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Adventures in Academe

The lessons of Wonder Woman for the academy

The saviour trope versus critical hope.


I embarked on my first writing retreat this summer while my partner assumed parenting duties. Knowing the enormous energy needed to corral two indomitable toddlers, I was determined to justify this precious time away from the whirligig of everyday life by generating pages upon pages of beautiful academic prose.

The writing retreat could not have been more wonderful, but not for the reasons I had anticipated. For the five days, I was ensconced in a cottage with two of my favourite collaborators. We adhered to our ambitious work plan with one tiny indulgence: we went to see the new Wonder Woman movie at a nearby cinema. Although I entered the theatre as a comic book neophyte, I emerged with the conviction that Wonder Woman offers a model for our highest ideals of the academy and, by extension, our world.

The author with her twin brother, dressed as
Wonder Woman and Superman.

The origin story of Diana, Princess of Themyscira begins with a voice-over that frames the overarching theme: “I used to want to save the world. This beautiful place. But I knew so little then. … What one does when faced with the truth is more difficult than you’d think.”

The film exposes the naïveté of this saviour trope and its underlying assumption that there are well-defined moral distinctions between the “good guys” and the “bad guys.” We follow Diana’s ontological development as she confronts troublesome knowledge: her resilience, and eventual triumph, is only made possible through her capacity for critical hope.

Paolo Freire, in the Pedagogy of Hope, defines critical hope as the “need for truth as an ethical quality of the struggle.” In other words, critical hope is located in the practice of navigating our complex and imperfect world. In higher education, we identify, wrestle with and embrace complexity with our students and one another. Maria Popova, creator of the blog Brain Pickings, illuminates the role of hope in learning when she observes, “Critical thinking without hope is cynicism. Hope without critical thinking is naïveté.”

There was one concept in particular from Wonder Woman that I want to make more explicit in my academic practice. Early in the film, soldiers invade the Amazonian island; in the midst of battle, the Amazonian general, Antiope, yells “shield!” and her compatriot angles her shield to propel Antiope high into the air in order to destroy their enemy’s strategic position. Steve Trevor (self-styled “good guy”) witnesses this display on the beaches of Themyscira. Later in the film, when Diana and her ragged band are under fire, Steve repurposes a tank door, yells “shield!” and three men launch Diana into the air so she can take out a sniper’s nest and win the day.

Fast-forward to the 3-minute mark to see the shield scene.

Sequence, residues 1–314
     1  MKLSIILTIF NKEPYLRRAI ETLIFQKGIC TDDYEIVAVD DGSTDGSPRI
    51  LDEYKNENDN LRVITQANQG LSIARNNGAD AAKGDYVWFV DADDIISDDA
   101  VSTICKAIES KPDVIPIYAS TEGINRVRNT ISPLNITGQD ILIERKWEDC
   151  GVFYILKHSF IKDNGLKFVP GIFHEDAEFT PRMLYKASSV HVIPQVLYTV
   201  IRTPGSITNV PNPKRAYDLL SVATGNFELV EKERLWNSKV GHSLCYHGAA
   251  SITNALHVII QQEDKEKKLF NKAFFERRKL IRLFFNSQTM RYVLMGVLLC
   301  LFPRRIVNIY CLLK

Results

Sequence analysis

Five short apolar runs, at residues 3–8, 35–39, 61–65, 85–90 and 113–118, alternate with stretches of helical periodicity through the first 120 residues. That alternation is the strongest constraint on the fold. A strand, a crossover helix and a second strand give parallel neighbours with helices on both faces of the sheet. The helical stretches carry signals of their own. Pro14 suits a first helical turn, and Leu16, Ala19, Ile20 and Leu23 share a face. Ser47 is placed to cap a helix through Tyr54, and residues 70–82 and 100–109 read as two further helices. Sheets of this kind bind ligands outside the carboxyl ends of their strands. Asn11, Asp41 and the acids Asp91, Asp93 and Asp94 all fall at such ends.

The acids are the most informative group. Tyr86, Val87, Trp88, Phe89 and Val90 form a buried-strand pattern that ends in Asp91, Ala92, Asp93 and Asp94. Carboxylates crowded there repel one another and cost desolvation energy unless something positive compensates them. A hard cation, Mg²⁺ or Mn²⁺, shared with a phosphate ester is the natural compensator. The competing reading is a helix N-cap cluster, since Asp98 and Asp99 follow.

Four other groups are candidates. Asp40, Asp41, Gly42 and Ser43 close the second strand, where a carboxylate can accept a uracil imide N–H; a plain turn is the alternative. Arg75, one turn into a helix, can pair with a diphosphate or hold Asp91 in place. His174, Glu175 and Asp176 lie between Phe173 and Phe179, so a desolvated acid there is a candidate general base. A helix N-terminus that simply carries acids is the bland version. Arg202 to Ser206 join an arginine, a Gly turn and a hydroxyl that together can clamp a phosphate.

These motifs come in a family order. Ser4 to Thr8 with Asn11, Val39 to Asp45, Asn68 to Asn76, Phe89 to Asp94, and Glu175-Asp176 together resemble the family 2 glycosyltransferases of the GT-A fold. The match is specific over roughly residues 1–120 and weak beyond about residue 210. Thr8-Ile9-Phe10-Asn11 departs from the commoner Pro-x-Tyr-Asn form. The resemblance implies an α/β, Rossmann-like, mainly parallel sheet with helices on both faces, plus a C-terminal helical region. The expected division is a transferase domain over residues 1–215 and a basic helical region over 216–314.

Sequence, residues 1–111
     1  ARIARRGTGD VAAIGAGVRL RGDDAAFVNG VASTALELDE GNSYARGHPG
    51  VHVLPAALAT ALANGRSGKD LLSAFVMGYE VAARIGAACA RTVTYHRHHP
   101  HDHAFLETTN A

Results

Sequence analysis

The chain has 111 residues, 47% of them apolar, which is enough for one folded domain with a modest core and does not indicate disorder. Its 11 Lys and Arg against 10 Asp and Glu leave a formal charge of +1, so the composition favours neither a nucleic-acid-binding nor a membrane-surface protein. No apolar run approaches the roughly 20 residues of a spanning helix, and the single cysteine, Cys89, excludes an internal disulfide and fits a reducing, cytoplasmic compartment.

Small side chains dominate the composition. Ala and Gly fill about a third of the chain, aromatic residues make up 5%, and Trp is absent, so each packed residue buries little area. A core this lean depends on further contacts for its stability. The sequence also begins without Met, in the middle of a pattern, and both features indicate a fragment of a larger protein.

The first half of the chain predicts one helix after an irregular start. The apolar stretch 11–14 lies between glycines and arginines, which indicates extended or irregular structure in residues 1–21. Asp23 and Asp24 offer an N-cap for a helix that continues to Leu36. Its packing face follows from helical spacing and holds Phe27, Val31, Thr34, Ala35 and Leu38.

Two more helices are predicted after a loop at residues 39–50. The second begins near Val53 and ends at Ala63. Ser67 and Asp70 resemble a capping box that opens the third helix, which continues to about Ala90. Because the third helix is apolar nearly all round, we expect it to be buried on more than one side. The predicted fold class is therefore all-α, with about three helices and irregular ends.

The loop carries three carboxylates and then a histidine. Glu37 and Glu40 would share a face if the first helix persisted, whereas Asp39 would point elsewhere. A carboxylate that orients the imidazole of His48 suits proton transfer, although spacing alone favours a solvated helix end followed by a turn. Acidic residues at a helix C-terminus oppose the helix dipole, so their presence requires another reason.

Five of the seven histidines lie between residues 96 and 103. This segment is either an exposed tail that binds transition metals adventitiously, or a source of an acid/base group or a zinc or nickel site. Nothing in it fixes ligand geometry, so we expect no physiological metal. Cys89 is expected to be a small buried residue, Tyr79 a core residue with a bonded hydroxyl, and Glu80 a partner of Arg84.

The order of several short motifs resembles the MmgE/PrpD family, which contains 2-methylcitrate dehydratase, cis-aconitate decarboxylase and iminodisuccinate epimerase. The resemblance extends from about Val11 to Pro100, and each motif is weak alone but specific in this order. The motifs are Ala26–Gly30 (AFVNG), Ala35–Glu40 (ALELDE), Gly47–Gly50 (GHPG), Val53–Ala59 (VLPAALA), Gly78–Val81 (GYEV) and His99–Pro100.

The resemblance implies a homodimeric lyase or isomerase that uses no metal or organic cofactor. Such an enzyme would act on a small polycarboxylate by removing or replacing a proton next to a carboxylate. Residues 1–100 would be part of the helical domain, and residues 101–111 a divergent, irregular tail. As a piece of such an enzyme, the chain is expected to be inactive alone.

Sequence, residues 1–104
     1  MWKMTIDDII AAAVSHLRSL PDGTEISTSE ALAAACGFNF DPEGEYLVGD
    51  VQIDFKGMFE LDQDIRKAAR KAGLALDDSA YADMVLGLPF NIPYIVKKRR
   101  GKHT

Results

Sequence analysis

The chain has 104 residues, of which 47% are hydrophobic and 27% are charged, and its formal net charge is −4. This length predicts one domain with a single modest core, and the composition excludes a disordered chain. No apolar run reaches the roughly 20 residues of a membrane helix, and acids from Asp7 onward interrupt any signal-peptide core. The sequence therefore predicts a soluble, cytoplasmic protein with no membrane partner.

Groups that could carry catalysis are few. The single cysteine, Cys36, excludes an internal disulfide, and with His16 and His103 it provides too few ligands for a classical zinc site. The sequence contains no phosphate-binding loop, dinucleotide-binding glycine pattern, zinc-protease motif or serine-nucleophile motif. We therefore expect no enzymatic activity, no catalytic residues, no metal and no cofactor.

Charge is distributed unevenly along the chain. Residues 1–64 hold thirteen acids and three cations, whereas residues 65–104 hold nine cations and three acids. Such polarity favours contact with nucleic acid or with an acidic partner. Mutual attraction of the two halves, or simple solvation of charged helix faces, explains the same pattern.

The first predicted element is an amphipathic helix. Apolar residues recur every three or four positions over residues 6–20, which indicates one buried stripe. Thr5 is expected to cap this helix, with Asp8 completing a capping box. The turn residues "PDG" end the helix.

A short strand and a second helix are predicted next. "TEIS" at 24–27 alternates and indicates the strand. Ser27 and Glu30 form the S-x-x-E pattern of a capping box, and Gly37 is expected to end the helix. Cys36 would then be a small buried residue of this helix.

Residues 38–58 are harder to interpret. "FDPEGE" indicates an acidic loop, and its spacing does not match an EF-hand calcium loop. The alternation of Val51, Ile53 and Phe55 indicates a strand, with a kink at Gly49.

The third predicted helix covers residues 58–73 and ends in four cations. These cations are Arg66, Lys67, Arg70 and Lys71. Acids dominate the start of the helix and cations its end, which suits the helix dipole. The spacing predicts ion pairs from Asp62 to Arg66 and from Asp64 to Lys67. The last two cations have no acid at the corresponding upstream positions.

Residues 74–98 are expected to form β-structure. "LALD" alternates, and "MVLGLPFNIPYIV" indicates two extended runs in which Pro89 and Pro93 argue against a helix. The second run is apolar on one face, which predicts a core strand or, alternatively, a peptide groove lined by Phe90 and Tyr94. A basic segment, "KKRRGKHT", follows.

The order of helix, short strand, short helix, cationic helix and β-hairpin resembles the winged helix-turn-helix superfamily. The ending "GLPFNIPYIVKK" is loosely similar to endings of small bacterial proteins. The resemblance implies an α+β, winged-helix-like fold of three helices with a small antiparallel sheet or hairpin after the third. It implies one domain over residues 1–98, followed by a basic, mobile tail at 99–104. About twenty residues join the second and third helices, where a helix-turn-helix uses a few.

The shield represents a mindset of generosity, solidarity and humility that enables us to advance others so that they can reach new heights and exceed their individual capacities. The shield bearer is foundational to success but assumes none of the glory. He or she must be attentive to moments where their intervention can change the outcome. Essayist Rebecca Solnit, writing in the Guardian newspaper, describes hope as “the belief that what we do matters even though how and when it may matter, who and what it may impact, are not things we can know beforehand.” The shield bearer is hope in action.

We have all benefitted from shields. My husband is an ever-present shield, delighted to assume parental duties while quietly revelling in my successes. My mentors – male and female – have lifted me up and propelled me farther than I could have achieved on my own. My collaborators and colleagues have performed countless acts of “shield bearing” at meetings and in classrooms, in online forums and research receptions.

As she leaves Themyscira, Diana says, “I am willing to fight for those who cannot fight for themselves.” She echoes Edward Said’s definition of a public intellectual whose “raison d’être is to represent all those people and issues that are routinely forgotten or swept under the rug.” While we must challenge the saviour trope with a more nuanced approach to allyship and advocacy, the core value remains: I am mindful, now more than ever, of my ethical imperative to be engaged as a shield for my colleagues, especially the marginalized and underrepresented members of the academy.

Is this story of Diana’s origins told by and for an audience of imperfect mortals? Yes. Do films – and the academy – need to represent more than white, middle-class feminism? Yes. But Wonder Woman shows us that the goal is not to stand on top of Mount Olympus looking down upon those who have not yet been enlightened but rather to engage and struggle in the trenches and the plains, the classrooms and the playing fields. The beauty – and the hope – lies in the struggle.

Jessica Riddell
Jessica Riddell is a full professor in the English department at Bishop’s University, holder of the Stephen A. Jarislowsky Chair of Undergraduate Teaching Excellence, executive director of the Maple League of Universities and a 3M National Teaching Fellow. Her column appears in every second issue of the print magazine.
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  1. Leigh / October 12, 2017 at 19:58

    Apologies for the belated response, and many thanks for reminding us of the importance of believing in and doing our best to act with critical hope.

  2. Stuart Chambers, Ph.D. / October 23, 2017 at 08:37

    Good article. Loved the Edward Said quote: the “raison d’être [of a public intellectual] is to represent all those people and issues that are routinely forgotten or swept under the rug.”